“Other music,” says Einar. “We have always sought inspiration in what we listen to at any given time while at the same time made a very conscious effort not to copy anything. We set higher standards for ourselves in terms or writing, arranging, performing and producing the music all the time, and when we’re done, we seldom find it good for much longer than a few months. Stagnation and lasting satisfaction is the enemy.”

“I’m kind of optimistic for the future,” Espen relates. “I’m still improving as a songwriter. I just started working on some new Beyond Dawn material, because we will not use four years this time, so I think we will start recording a new album before Christmas. I’m in the process of writing new lyrics. The vocals will be much better for next time, heh. I don’t know what drives us to experiment so much, I have asked the same question myself! We are four very different individuals and I don’t know how we have managed to stay together for this long. We have never been into any particular scene here in Norway or anything; we have always been outside the rock scene in Oslo as well, except in the early days when all our friends were playing death metal.”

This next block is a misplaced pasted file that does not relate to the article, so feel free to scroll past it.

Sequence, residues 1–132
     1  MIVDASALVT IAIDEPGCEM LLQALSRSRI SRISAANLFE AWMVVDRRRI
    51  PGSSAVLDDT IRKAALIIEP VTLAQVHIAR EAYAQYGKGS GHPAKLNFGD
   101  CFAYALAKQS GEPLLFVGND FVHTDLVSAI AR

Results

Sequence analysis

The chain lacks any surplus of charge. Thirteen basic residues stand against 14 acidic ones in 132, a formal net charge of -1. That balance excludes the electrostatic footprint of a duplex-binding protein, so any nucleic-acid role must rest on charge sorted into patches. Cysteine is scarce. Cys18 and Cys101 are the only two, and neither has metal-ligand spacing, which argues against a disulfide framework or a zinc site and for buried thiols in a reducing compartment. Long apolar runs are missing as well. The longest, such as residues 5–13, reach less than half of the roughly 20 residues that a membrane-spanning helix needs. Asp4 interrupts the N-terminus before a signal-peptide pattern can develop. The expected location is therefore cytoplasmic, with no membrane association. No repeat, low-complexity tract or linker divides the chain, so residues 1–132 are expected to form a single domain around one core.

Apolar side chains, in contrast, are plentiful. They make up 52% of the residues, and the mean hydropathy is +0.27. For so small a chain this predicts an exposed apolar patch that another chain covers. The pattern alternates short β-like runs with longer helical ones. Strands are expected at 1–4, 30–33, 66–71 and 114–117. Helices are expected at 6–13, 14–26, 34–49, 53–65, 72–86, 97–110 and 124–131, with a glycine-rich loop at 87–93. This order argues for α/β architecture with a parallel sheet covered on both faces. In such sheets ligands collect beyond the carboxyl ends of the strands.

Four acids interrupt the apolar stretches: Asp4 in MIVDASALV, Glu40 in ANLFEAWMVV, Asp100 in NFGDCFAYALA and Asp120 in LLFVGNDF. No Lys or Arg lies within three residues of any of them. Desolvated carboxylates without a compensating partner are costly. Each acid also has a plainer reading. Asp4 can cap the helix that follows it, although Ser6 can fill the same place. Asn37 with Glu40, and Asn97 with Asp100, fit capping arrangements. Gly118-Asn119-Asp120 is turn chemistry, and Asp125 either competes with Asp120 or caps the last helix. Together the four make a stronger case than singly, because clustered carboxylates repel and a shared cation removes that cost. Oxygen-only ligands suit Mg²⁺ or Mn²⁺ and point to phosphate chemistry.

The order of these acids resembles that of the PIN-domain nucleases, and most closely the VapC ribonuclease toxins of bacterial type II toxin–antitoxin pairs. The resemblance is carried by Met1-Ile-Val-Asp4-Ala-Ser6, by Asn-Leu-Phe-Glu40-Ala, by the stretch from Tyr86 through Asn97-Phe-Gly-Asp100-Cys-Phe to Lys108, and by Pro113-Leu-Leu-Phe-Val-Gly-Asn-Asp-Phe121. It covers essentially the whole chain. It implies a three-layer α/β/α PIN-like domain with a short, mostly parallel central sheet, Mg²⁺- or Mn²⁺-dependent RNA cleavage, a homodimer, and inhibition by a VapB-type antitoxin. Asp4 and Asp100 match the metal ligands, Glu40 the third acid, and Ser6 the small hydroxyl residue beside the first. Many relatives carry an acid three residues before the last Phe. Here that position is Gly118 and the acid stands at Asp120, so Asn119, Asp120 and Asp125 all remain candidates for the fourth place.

“At the end of the day it’s just as much to do with songwriting as having the technology enabling us to shape the music as we want to,” Einar reckons. “You can have the coolest effect in the world, but it won’t do you much good if you don’t have the song. As far as songwriting imagination goes, I guess the only limit is the ability to listen to and find new inspiration in other music. Us being the total music junkies we are, this is not a problem just yet.”

“Yeah, we could go anywhere actually. It feels like it. And I think we’re comfortable being in that position,” Espen says.

“It’s more a matter of just doing whatever one feels like, paying little attention to boundaries,” Einar states after doing a bout of reconsidering. “If one needs to make music for the sake of breaking rules alone, anything good rarely comes out of it. Being at the top of your creativity doesn’t automatically challenge boundaries either, as I don’t think you can measure creativity. Either you’re creative or you aren’t. It’s like Seinfeld says—there’s no degree to wetness. When you’re wet, you’re wet.”

as said, the music on Frysh is quite diverse and has elements from a wide array of genres. It eludes characterisation even in the heads of its makers. While Espen considers it ‘some kind of pop music’ which ‘sounds strange, kind of eccentric’, Einar rejects the question of definition outright, opting for the cut-price “that’s your job, isn’t it?” journalism card.